Phillipe goes to Templecombe

Final extract from the fictional Journal of Phillipe de Saint-Claire – translated from the ancient Occitan language into modern English. Phillipe finds sanctuary in Templecombe, Somerset, England.


The next day I set off in clear weather over the rest of the mountains and, after four days walking, I came to the great city of Barcelona which was then home to the court of Aragon. There I felt I was able to disclose my identity to the court chamberlain whom I met, but not of course my object. Instead I gave him the tale that I was escaping from the wrath of the French and that I wished to obtain a passage by sea to England. I found the chamberlain most helpful and after an interval of two weeks one of his staff introduced me to the captain of a ship making for Lisbon. There I was able to transfer to an English ship and I landed in the port of London on the first day of September in the same year of one thousand two hundred and forty-four.

I had been given the names of two people whom I might contact for assistance if I should reach England. I met the first, a lawyer named Henry Bradburn, in his dwelling in a special court in London which was called the Inner Temple. His manner was dry and less hospitable than I had hoped and I feared I would get little assistance from him. He confirmed, when I asked, that news had reached London of the destruction of the Cathar cause at Montségur and other locations thereafter. He seemed to think that I should give great thanks to God for my deliverance from the French ‘crusaders’. As far as he was aware, I was the only human being to escape the hue and cry which had followed the fall of Montségur.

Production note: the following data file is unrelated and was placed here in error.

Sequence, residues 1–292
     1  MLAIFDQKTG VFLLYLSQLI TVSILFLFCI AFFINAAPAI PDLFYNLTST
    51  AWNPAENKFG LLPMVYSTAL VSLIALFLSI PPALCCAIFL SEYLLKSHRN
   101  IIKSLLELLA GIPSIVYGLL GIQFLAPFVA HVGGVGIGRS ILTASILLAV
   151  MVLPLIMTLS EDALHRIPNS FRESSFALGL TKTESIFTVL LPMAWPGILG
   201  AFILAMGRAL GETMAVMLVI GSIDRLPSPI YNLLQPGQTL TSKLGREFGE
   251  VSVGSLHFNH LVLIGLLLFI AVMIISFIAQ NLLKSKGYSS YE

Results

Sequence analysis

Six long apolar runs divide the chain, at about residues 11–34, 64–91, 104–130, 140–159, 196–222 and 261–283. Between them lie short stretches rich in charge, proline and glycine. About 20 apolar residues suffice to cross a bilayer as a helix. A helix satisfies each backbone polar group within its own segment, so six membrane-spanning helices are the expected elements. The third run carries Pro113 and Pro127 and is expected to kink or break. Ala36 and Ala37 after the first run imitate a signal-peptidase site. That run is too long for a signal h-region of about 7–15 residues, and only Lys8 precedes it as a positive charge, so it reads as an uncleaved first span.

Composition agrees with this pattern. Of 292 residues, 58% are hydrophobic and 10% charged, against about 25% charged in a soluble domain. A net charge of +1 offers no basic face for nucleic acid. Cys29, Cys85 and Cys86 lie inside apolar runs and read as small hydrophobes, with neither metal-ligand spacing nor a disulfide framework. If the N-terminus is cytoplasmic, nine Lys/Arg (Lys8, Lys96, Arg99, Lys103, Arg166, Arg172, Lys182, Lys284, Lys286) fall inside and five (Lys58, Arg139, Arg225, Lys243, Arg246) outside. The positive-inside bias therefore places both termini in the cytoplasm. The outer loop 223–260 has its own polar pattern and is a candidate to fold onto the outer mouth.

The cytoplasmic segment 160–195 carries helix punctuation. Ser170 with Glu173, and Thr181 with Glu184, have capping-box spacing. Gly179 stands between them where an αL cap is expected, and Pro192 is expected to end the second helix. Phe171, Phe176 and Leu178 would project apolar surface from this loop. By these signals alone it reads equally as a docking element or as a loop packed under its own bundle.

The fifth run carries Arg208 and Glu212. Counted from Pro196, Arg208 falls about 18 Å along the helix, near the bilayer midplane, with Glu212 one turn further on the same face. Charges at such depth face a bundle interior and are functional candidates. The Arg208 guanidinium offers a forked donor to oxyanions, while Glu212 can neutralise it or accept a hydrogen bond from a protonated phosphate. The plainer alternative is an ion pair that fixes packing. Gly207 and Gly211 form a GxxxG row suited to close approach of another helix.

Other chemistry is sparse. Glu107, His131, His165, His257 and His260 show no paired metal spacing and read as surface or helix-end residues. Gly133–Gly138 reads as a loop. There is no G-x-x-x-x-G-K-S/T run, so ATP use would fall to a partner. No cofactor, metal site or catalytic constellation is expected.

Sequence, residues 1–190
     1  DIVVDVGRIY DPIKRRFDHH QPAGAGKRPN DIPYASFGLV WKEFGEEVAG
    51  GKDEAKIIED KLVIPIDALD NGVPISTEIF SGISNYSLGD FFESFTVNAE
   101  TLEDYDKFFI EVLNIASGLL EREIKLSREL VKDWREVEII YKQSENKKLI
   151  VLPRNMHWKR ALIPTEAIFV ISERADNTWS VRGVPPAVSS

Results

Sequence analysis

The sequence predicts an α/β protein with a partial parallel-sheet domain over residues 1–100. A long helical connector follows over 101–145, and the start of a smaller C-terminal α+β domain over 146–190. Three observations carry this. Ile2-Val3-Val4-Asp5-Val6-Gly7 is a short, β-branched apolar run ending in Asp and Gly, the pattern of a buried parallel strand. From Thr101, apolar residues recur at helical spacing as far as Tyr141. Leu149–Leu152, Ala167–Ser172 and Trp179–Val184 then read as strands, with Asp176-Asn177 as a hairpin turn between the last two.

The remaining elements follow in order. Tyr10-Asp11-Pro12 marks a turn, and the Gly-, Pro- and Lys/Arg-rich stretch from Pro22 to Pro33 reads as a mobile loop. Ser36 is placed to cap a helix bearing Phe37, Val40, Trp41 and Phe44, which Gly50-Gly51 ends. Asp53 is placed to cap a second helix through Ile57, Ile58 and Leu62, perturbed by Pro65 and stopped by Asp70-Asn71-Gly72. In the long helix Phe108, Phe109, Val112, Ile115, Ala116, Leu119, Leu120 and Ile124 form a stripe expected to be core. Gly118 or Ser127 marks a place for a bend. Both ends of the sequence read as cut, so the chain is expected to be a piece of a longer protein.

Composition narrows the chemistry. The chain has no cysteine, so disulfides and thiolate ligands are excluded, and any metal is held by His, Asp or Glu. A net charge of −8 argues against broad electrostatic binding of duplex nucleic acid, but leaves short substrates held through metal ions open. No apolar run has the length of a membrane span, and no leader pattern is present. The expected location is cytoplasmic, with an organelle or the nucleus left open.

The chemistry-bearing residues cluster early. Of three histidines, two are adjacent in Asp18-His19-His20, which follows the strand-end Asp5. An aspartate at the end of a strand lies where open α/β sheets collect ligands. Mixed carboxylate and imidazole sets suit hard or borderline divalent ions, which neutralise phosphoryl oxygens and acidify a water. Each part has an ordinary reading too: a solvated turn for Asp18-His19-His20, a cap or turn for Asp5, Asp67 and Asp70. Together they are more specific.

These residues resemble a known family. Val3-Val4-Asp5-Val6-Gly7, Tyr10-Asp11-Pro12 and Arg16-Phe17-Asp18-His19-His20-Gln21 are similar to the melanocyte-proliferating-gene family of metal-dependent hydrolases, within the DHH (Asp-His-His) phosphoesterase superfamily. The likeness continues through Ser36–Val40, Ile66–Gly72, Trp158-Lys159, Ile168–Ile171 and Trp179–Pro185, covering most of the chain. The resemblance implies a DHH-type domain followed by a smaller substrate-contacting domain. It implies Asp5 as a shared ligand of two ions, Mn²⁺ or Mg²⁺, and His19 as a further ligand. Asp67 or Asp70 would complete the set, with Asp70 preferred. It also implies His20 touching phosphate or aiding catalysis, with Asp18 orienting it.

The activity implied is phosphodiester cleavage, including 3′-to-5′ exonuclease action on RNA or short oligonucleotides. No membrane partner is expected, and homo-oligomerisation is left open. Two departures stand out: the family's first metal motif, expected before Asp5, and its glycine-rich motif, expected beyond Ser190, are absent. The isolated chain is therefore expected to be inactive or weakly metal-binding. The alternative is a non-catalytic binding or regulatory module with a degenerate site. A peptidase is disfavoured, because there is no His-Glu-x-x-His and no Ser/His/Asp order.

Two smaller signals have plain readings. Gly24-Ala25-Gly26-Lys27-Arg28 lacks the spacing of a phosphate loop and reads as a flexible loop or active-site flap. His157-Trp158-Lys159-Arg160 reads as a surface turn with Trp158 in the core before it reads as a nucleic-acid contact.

He also had knowledge of the other person whom I had been told I might contact – a gentleman by the name of Gérard de Molay. Apparently that man now resided in a small town in the West of England which was called Coombe Temple. Mr Bradburn thought that my best course was to travel to that place and seek out the said Gérard who was the person most likely to be able to help me. Mr Bradburn said he would give me a sealed letter to hand to de Molay.

Therefore I travelled west and met Monsieur de Molay on a day in late September when the leaves of the great trees in the valley above Coombe Temple were starting to turn to gold. Gérard revealed that he was a supporter of the Cathars who had escaped from France when he saw that our cause had become hopeless. He had been able to transfer some of his substantial wealth through his connection with the Knights Templar and had used a part of this to obtain possession of a substantial portion of land in the area. Because of his support for the cause he was prepared to sell me, for a very modest sum which I could pay him over the next few years, a section of that land where I might build a house and grow sufficient food to sustain me until such time as I might be contacted by an emissary from the Cathar convocation. With the blessing of the good God I was able to make a success of this enterprise and am now accounted to be a wealthy man with a wife and three growing sons.

As my life moves towards its close I have never received any approach from anybody in the Languedoc and I fear that I never shall. All the information we have received from France is that the Cathar faith is utterly destroyed. So I believe that I should set down my experiences of what occurred in the month of March in the year of one thousand two hundred and forty-four in case the treasure of the Cathars should ever be sought by my successors or members of my faith. This I now do as correctly and as fully as I am able to remember some forty years after the actual events took place.

I commend this account to the true God whose teachings I have always followed.

The photo shows Templecombe.  I have now completed the extracts from Phillipe’s journal. I intend to publish the complete journal on my website in the near future where it will be available free of charge. Next week I shall start to tell you about the village of Rennes-le-Chateau a few miles north of le Bézu.

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